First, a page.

We have SCIFINOVEL dot com going cheap if that helps. It would instantly make you stand out from the crowd and give you an outstan... Read More
14 May 2015
mgilmour
I've been engaging sciencefiction.com so it will be interesting how it works out. :-) Thanks for the update on scifinovel.....I do... Read More
15 May 2015
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Domain Performance Analysis

Domain Performance Analysis

Understanding performance often requires getting really deep into the numbers. The other day I said to a client, “We like to understand which domains we win and which domains we lose versus a baseline.” Let me take you through some high level data that gives a snapshot of what I’m talking about.

For a start the data I’m about to go through is actual numbers for a client but for obvious reasons any identifiable information has been removed. The data is for a particular domain portfolio where it would appear that our optimisation services were struggling.

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The portfolio being tested has a baseline of around $95.59 per day and within the first week of being tested we underperformed by $12.37/day. Compared to what we usually experience this was a disappointment for ourselves and more particularly for the client. So what was going on?

Here is a snapshot of the performance data from 4 weeks, 3 weeks and the most recent week. All data has been normalised to reflecting the average daily for the period. There is the current revenue, baseline revenue and then Daily performance and the percentage difference.

Analysis

The columns are in bands of traffic. From All domains to those doing more than 0%, 20%, 40% etc. up to greater than 100% of the traffic compared to the baseline.

As an example, four weeks ago for domains that we saw at least the same amount of traffic as the baseline we performed at 100% of the baseline….in other words, no uplift. Overall, we performed 87% of the baseline for ALL the domains…..not good.

Most domain investors would immediately throw up their arms in horror and bail on the test at this point…..but let’s take a look at what happened over time.

I’m going to jump right down to the latest series of data for the past week and compare this to the baseline. For domains where we saw at least as much traffic as the baseline we are now performing 15% better. In fact, ParkLogic performed better for domains that have at least 60% or more of the baseline traffic. The overall performance jumped from 87% of the baseline to 96% of the baseline in a few short weeks.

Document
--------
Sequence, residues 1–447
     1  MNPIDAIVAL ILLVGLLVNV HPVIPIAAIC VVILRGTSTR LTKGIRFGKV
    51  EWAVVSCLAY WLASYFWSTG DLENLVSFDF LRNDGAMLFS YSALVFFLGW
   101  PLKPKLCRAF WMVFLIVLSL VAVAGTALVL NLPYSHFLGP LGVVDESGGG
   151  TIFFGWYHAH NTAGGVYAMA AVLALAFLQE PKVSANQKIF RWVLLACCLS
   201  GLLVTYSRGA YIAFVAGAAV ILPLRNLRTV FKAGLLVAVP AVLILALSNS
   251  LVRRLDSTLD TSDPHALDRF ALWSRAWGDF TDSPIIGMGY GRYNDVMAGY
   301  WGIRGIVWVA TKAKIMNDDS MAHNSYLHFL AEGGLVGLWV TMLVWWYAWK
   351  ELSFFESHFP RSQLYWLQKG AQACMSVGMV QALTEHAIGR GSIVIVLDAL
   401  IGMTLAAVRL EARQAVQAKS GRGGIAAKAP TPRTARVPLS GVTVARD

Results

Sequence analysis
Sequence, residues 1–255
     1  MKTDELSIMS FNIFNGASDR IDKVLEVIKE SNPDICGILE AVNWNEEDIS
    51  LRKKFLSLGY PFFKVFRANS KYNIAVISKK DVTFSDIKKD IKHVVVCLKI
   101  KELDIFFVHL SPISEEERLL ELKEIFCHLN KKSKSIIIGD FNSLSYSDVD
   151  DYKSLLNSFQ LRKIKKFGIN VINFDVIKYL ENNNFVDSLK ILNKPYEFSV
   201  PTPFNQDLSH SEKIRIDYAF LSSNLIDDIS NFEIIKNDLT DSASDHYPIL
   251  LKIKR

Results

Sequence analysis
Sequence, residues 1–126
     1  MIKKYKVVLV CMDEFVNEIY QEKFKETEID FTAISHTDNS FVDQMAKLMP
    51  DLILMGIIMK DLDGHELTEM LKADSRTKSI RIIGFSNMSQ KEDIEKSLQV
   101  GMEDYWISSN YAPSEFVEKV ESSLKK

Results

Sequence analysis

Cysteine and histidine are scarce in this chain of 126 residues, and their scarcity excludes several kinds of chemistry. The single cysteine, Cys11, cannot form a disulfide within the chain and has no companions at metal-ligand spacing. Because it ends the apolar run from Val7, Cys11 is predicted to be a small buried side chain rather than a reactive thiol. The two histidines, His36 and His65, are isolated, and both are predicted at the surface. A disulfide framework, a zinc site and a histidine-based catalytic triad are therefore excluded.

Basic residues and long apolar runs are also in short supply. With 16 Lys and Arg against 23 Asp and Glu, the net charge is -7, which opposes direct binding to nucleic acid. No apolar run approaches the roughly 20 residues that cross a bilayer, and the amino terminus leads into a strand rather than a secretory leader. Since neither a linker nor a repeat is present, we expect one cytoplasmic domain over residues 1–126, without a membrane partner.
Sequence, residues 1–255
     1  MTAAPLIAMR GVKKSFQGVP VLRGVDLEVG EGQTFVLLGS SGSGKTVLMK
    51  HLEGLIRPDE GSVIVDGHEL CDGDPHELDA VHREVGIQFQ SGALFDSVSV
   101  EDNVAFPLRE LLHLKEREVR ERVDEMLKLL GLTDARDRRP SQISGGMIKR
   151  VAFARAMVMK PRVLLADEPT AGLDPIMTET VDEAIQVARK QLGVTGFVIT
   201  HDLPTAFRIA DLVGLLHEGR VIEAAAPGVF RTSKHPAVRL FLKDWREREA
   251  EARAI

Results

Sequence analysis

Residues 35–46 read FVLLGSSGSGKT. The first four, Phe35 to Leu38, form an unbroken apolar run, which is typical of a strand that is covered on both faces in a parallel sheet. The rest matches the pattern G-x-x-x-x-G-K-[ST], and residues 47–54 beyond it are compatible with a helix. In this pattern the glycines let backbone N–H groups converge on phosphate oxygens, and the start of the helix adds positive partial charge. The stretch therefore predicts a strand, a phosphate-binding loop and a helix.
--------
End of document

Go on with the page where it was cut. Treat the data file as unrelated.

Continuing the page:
What this data really says is that if there is traffic we perform better…..if not, then we don’t. This kind of makes sense! All that we really needed was for time to go by and those domains with little traffic generate a click or two.

To see the change in performance over my data set I summed the % Difference rows. This is a crude way to find out overall what was happening each week. The summed percentage moved from 634% to 711% which is an overall increase of 12% and to date this is continuing.

This is a lot of interesting data but what does it really mean? The problem with the portfolio isn’t that we aren’t performing, it was that it was taking a bit longer than normal because the typical domain has such low traffic. Unless there is traffic we really can’t quickly do the optimisation to increase the result.

What’s important is that as time goes by the trend is continuing upwards as our algorithms and processes go to work on the portfolio. What was also hidden in the data was the fact that we are currently providing an additional $40/day in revenue over the baseline for a large portion of the domains. In fact, if we were to keep managing all the domains that we were winning on, handed back the domains that we weren’t to the baseline company (assuming is performed the same as it previously did) then the client would receive a net revenue increase of 42%! That is a HUGE number!

The overall current number of $3.71 down was actually hiding a HUGE windfall….the challenge is to work out how to get at it. We are continuing to monitor the results each day and in our meeting with the client we plan on working out the next steps to extracting the traffic value.

There are two parts to this analysis which are key. First of all, you need the ability to mobilise the data and secondly, an eye to interpret what the data is actually saying. I’m not meaning to blow my company’s horn but the ParkLogic team has spent many years developing processes and skills to do exactly these two things.

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Michael Gilmour has been in business for over 32 years and has both a BSC in Electronics and Computer Science and an MBA. He was the former vice-chairman of the Internet Industry Association in Australia and is in demand as a speaker at Internet conferences the world over. He has also recently published his first science fiction book, Battleframe.

Michael is passionate about working with online entrepreneurs to help them navigate their new ventures around the many pitfalls that all businesses face. Due to demands on his time, Michael may be contacted by clicking here for limited consulting assignments.